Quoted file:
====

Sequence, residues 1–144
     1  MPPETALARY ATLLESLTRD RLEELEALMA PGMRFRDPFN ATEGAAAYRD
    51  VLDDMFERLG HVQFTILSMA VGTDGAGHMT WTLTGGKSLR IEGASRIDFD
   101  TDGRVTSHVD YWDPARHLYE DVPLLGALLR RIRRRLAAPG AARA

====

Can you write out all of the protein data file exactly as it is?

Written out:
Sequence, residues 1–144
     1  MPPETALARY ATLLESLTRD RLEELEALMA PGMRFRDPFN ATEGAAAYRD
    51  VLDDMFERLG HVQFTILSMA VGTDGAGHMT WTLTGGKSLR IEGASRIDFD
   101  TDGRVTSHVD YWDPARHLYE DVPLLGALLR RIRRRLAAPG AARA